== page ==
Q: What’s your go-to coffee drink?
A: Recently it’s just been a medium or dark roast with almond creamer. But I love a good cappuccino too.
Q: What’s your favorite place to get coffee?
A: Five Watt, in Minneapolis. The kingfield, hot or cold, with ½ the sugar.
Q: Where did you grow up? (childhood, hs, college, etc.)
A: I grew up kind of bouncing around the midwest. Born in Indiana, then on to Pennsylvania, Illinois, back to Indiana, then Ohio, Kentucky, and back to Illinois. And now I’m in Minneapolis! But I would say I grew up (middle and high school) in Indiana. Following high school, I went to Cincinnati for college.
After 8 years in Cincinnati, and just as many in the recording industry, I moved to Chicago. I made the decision to make a career change and go to massage school. I was in Chicago for 6 years before making the move to Minneapolis, and closer to family.
Q: What interested you in massage?
A: I think I was initially most drawn to the atmosphere/energy of massage. I’d had an interest in massage when I was in college, but didn’t have the time or conviction to follow through. I pursued a very serious music career for 8 years. While I still love writing, playing and singing, I couldn’t survive the music industry. Once I made the decision to leave, I had the opportunity to re-visit the idea of massage therapy. It was so opposite of my previous career. I think I was subconsciously trying to surround myself with peace and healing in hopes that it would work it’s way into my being. But at that time I had no idea how passionate I would be about the scientific/clinical aspect of massage.
Q: What do you mean when you talk about passion for the scientific/clinical aspect of massage?
A: First off, I absolutely fell in love with learning how the body moves, and how muscle groups work together to create all the motions the human body is capable of. And then, being able to apply that knowledge towards helping others live with less pain, is both fun and rewarding.
It’s also cool to practice a therapy that has been used for thousands of years. Massage is one of the oldest forms of medicine that has withstood the test of time because of its legitimacy. Until recent years, the lack of scientific explanation and measurable evidence, kept massage from being realized as a clinical treatment for hundreds of conditions. But western medicine is finally realizing it’s credibility because great massage therapists are doing studies. The Massage Therapy Journal actually publishes a lot of the results of studies where massage is used and evaluated for everything from Alzheimers, to athletic enhancement, and even to speed recovery post-op. I love that. I love that we are coming to an age where our technology helps us better understand from a scientific view why an ancient medicine like massage works.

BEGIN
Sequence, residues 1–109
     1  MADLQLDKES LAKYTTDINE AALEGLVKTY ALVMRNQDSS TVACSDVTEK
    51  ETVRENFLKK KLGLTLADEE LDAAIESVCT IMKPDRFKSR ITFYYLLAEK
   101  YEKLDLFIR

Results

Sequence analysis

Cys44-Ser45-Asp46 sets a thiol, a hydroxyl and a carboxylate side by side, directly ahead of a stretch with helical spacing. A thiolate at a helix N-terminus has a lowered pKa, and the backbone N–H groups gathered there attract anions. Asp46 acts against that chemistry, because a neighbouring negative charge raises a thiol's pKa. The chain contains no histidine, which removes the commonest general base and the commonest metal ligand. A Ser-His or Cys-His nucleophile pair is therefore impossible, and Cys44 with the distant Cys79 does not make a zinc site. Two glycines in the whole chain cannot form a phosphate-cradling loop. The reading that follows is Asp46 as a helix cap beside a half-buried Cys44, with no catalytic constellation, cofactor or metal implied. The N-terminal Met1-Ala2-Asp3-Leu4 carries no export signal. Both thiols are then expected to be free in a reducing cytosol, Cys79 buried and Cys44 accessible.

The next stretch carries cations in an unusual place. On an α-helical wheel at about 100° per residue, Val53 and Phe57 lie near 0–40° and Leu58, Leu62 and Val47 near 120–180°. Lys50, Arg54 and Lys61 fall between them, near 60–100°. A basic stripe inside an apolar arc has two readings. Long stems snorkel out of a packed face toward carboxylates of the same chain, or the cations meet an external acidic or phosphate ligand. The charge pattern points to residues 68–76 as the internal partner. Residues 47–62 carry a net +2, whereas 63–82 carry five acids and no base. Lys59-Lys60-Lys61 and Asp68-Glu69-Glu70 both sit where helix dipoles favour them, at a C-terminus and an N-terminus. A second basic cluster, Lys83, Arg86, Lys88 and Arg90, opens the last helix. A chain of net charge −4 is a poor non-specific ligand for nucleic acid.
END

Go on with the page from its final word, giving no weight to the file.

Q: Do you remember getting your first professional massage?
A: I do and I was so nervous! I was in my early 20’s and a friend of a friend was a massage therapist, so I setup an appointment with her. I didn’t know whether or not to wear my undies or go nude or what the deal was and I was embarrassed to ask. In hind-sight I now know that part of being a great massage therapist is making people feel comfortable with you because if they don’t, then it will be difficult for them to relax. Fortunately, this friend of a friend calmed my nerves, so I was able to relax and enjoy my first professional massage.
Q: What’s the best part about being a massage therapist?
A: Man, it’s hard to pinpoint one thing because there are so many good things! I feel really fortunate
to work in a field where I get to see and hear the impact that my work makes in other people’s daily lives. It’s really cool when someone who has had chronic pain comes back and tells you how much the massage has helped their situation. Chronic pain effects so much more than your body. It weaves its way into your mood, which spills over into your interactions with others, and in general, just takes a bit of life that you may not even realize, until you aren’t hurting. So when I’m able to help people with pain management, I know it improves their everyday experience of life, and if I had to pick just one best part about being a massage therapist, that would be it.
Q: If you could give one bit of advice to people who are in that state of chronic pain, what would it be?
A: You don’t have to settle for just dealing with it. Most chronic pain, with the right game plan, can be alleviated. Massage can absolutely help, but you’ll get faster and longer lasting results when you combine it with a multi-modality health regimine. Taking a look at, not just your soft-tissue (muscles, ligaments, tendons, etc.), but all those things that are connected with it’s health; including structure, nutrition, strength, and flexibility. And you can’t neglect the emotional aspect of pain, as trauma, whether physical or emotional, gets stored in your body. So again, while massage will absolutely help alleviate pain, I’m a big advocate for addressing overall wellness.
Q: When you’re not working, how do you like to spend your free-time?
A: Outside. Whether it’s going for a walk, or bike ride, or hike, or just about anything, outside, regardless of season, I love it. I also love watching a great movie that teaches you a little something about life and yourself. Listening to a good record, playing games, strumming a guitar, or playing the piano, and being with family. I’m also probably too obsessed with my dog, Lucky. I’m not apologizing for that because he is the absolute greatest. In general, I’m pretty low-key when I’m not massaging.
Q: Any closing statements?
A: Take care of yourself! My mom always says, “God gave you one set of eyes, and one set of teeth, so take care of them.” And I would take it one step further and say, God gave you one body, as a whole, take care of the whole, not just a part. And get a massage.